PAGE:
Growing a wildflower garden

Most of us who garden have at one time or another dreamed of the charm and whimsy of a wildflower garden. Come on, admit it… you too have longed for a garden that seems to be one with Mother Nature, and sings the virtue floral fantasies that appears to have no maintenance needs whatsoever. On board so far? Whether you just wanted to scatter seeds along a back fence, or plant an entire pasture for pastoral beauty, here is a quick primer on how to grow a wildflower garden! (And yes, it does take some work!)

Contents

Why grow a wildflower garden?

Ok, this first one is easy. They are the epitome of a slice of nature right in your backyard. A gorgeous slice.

They attract birds and butterflies, including hummingbirds.

While not maintenance free, they are easier then a formal garden.

Since most are native or adapted species, they don’t have many problems with disease and pests. Photo via ‘HGTV‘.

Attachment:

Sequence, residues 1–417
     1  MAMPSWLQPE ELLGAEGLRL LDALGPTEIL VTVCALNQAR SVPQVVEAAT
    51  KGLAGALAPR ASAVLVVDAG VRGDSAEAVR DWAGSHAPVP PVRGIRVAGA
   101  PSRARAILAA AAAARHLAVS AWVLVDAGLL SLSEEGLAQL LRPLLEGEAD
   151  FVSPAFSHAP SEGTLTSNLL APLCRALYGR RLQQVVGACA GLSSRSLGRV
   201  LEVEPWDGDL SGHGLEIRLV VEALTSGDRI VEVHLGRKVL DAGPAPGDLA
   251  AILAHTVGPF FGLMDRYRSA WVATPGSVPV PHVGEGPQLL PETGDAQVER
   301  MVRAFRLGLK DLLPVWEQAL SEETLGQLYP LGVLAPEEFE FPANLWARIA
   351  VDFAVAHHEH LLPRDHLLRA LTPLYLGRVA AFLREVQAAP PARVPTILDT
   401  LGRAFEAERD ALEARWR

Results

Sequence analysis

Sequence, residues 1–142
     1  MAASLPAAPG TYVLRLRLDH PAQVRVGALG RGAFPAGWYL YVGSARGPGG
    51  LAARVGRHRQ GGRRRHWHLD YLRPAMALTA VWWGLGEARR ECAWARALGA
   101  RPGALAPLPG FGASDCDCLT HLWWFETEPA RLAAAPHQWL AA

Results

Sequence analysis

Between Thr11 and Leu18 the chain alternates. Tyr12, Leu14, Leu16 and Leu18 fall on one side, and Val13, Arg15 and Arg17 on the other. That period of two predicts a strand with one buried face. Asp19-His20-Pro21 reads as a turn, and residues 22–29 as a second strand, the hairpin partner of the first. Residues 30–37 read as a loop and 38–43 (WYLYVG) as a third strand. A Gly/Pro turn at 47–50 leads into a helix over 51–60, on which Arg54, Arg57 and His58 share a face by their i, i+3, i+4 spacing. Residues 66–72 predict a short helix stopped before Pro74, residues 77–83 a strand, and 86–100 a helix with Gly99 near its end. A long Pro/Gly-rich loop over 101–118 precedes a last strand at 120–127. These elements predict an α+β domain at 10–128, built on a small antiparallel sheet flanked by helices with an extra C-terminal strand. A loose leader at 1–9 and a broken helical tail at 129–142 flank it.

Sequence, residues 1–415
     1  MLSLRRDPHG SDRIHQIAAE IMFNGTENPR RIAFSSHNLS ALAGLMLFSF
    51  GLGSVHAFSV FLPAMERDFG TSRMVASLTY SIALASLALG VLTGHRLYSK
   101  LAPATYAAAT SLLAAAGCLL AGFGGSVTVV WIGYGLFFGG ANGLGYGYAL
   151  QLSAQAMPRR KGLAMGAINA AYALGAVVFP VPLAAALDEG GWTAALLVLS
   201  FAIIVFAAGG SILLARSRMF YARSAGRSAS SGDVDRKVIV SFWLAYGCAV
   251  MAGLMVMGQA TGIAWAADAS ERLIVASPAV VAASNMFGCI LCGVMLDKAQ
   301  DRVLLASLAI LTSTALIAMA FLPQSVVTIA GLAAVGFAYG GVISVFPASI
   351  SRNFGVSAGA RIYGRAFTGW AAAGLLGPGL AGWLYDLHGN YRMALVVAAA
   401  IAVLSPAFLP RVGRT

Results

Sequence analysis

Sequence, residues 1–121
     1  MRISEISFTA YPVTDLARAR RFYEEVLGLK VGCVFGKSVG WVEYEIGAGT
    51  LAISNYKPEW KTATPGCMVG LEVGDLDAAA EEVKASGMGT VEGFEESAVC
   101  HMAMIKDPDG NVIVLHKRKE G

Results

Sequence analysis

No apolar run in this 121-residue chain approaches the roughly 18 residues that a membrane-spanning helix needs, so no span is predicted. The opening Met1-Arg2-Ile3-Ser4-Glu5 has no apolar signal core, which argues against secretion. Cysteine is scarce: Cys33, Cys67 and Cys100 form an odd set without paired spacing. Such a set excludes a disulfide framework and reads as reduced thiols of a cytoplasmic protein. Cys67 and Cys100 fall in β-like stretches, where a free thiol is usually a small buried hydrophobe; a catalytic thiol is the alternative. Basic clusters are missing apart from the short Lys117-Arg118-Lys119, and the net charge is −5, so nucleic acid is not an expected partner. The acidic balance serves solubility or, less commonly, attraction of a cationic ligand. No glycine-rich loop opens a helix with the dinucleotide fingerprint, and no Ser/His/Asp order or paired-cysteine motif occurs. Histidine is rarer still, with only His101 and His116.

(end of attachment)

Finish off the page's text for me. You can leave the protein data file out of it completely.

Cons to Growing Wildflowers?

When flowers start to fade, they can look a little scraggly.

You have to mow them down for the winter, or you have a stand of scraggly brown stalks to look at!

How to get started growing a wildflower garden

Ok, for me, the pros outweigh the cons, but just for a small slice of my yard. Others may want to turn their entire backyard into a meadow! Or somewhere in between… Whichever direction you choose, here’s how to get started and how to keep your wildflower garden gorgeous!

  • First, site selection. Wildflowers are flowers that have stood the test of time, growing and thriving in nature without our help. What does nature provide? Sun. They need at least 6-8 hours of sun every day, so choose your spot wisely.
  • Contrary to popular belief, scattering seeds over existing soil and walking away only to come back months later to find a gorgeous meadow, is a myth. You must break up the soil and remove weeds or existing plants to make it ready for young roots. No need to add fertilizer or compost when you grow a wildflower garden though, wildflowers are accustomed to poor soil.

Photo above by Steve Bates.

  • To keep your wildflower garden looking neat and helping it blend in with your yard, add a hardscape feature such as a mowing strip or brick edging. Arbors and benches also help integrate wildflowers and make them look like they were planted with intent.